- A vulnerability in LifeLock’s website allowed anyone with a web browser to catalogue the company’s customers’ email addresses.
- LifeLock has around 4.5 million customers accounts.
The popular identity theft protection service provider Lifelock reportedly exposed the email addresses of millions of its customers. The breach was caused by a vulnerability in LifeLock’s website, which allowed anyone with a web browser to catalogue LifeLock customers’ email addresses and even unsubscribe customers from any communications from LifeLock.
The vulnerability was discovered by Atlanta-based freelance security researcher Nathan Reese after he received an email to the address he had provided to LifeLock - the email’s message offered a discount to renew his membership, cybersecurity journalist Brian Krebs reported.
“If I were a bad guy, I would definitely target your customers with a phishing attack because I know two things about them,” Reese said, Krebs reported. “That they’re a LifeLock customer and that I have those customers’ email addresses. That’s a pretty sharp spear for my spear phishing right there. Plus, I definitely think the target market of LifeLock is someone who is easily spooked by the specter of cybercrime.”
Symantec, which acquired LifeLock in 2016, took the LifeLock website offline after Krebs alerted the firm about the bug. Symantec has since fixed the issue.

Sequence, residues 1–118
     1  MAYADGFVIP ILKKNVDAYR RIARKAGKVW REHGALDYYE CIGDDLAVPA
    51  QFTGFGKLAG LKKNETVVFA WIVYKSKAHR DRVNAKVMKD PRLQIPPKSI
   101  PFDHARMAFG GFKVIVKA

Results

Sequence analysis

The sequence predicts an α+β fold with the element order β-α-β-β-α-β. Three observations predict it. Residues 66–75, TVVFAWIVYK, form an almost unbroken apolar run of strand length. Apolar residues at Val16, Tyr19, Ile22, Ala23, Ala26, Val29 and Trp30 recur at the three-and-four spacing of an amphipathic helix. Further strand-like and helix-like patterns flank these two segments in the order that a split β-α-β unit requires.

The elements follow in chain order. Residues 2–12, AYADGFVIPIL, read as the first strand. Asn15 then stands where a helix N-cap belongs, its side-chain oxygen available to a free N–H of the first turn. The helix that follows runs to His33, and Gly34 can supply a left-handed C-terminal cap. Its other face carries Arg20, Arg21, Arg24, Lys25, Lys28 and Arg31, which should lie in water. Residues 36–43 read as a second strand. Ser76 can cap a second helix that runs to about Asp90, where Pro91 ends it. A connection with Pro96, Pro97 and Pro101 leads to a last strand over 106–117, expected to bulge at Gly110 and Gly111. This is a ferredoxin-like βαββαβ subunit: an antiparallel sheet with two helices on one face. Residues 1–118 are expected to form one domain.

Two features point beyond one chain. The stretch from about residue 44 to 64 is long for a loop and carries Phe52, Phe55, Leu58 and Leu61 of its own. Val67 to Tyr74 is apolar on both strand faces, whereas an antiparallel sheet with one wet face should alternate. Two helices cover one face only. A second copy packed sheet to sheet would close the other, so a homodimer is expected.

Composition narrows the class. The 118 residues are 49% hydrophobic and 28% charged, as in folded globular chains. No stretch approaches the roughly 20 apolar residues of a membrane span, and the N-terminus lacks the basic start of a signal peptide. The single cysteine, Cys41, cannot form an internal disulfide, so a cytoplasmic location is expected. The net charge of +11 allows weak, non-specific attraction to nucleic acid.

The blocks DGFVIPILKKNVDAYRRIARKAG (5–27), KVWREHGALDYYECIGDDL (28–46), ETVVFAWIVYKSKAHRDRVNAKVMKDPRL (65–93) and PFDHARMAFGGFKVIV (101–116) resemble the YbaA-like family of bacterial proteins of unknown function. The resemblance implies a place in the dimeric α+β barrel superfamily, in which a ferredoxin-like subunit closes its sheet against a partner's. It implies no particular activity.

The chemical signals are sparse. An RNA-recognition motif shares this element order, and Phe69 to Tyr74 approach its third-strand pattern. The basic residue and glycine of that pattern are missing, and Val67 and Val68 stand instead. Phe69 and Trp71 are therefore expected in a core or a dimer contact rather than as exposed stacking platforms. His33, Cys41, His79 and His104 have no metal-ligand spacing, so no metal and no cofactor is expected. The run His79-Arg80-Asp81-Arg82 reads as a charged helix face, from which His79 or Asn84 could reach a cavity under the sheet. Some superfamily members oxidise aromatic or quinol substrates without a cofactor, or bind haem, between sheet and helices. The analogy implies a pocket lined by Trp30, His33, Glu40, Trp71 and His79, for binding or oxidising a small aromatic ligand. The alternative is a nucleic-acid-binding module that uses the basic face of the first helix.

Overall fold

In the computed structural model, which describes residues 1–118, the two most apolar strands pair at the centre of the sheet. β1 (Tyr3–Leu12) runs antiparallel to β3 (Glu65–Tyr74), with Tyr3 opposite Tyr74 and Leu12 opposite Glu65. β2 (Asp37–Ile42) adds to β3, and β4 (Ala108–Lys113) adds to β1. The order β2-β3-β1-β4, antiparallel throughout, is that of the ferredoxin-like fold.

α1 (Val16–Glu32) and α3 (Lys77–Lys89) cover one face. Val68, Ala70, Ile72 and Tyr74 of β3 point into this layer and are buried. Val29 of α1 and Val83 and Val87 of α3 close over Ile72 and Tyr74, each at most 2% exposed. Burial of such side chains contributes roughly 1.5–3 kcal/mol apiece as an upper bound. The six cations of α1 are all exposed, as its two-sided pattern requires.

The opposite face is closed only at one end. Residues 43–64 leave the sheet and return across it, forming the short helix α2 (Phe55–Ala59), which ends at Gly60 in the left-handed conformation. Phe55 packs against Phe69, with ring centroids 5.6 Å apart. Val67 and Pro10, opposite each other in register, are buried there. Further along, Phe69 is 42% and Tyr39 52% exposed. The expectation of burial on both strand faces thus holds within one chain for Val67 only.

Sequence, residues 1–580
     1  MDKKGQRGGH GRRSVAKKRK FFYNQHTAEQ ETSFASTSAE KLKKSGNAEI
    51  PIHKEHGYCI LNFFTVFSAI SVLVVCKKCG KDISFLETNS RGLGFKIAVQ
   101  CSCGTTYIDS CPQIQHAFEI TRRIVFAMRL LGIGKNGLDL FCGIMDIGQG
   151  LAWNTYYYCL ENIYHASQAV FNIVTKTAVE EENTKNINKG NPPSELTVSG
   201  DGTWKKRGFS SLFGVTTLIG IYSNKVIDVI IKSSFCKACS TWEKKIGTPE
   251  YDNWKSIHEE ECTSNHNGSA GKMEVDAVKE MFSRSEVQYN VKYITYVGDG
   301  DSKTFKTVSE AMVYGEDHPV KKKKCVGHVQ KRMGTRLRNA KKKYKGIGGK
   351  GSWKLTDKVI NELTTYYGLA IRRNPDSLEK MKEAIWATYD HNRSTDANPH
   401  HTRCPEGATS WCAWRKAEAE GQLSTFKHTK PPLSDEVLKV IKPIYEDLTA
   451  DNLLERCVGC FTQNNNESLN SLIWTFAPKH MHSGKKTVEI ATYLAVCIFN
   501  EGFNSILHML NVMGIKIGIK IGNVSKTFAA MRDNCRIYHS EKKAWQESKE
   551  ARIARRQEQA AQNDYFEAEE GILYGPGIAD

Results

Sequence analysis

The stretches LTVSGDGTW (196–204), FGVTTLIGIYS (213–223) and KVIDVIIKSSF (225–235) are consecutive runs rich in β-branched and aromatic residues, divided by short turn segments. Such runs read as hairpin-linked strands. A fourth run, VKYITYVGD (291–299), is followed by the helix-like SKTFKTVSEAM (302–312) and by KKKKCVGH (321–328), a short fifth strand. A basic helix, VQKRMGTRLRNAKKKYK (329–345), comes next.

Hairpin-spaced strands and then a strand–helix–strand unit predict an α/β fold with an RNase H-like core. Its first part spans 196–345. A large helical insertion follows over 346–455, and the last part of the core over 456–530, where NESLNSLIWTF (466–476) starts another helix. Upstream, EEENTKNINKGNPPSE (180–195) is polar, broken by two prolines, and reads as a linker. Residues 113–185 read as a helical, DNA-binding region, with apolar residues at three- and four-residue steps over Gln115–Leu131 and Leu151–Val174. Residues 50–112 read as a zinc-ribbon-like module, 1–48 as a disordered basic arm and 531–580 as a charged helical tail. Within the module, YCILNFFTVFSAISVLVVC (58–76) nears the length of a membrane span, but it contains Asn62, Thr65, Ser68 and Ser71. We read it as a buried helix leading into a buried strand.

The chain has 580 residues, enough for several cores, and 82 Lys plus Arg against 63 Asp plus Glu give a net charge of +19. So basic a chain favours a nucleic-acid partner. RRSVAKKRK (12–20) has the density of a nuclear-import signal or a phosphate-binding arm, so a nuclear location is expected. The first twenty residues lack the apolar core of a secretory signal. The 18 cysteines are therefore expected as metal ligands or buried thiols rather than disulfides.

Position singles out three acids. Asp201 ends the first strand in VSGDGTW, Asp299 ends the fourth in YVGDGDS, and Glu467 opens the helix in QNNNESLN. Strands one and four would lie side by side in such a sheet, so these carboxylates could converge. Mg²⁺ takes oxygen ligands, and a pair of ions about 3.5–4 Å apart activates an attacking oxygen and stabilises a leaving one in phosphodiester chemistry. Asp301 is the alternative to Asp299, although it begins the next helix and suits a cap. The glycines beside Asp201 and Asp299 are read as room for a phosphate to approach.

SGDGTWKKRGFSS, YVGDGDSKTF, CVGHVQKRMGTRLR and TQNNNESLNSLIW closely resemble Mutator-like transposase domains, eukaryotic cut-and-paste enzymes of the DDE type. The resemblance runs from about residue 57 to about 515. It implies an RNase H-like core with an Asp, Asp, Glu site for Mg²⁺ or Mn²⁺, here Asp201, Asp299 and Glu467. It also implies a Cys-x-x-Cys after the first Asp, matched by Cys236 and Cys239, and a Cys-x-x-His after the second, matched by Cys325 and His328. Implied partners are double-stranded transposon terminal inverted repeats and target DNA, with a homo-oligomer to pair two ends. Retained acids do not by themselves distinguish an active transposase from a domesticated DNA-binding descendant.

"The issue has been fixed and was limited to potential exposure of email addresses on a marketing page, managed by a third party, intended to allow recipients to unsubscribe from marketing emails," a Symantec spokesperson said, Mashable reported. "Based on our investigation, aside from the 70 email address accesses reported by the researcher, we have no indication at this time of any further suspicious activity on the marketing opt-out page."
However, it is still unclear as to how many customers were impacted by the breach.
Breaches caused by misconfigurations have become increasingly common over the past few years.
Numerous popular retail brands, including Walmart, Saks Fifth Avenue and others exposed customer and corporate data due to similar issues. However, in this case, it appears that the vulnerability was the result of shoddy website security.
“The design of the company’s site suggests that whoever put it together lacked a basic understanding of Web site authentication and security,” Krebs said in his blog.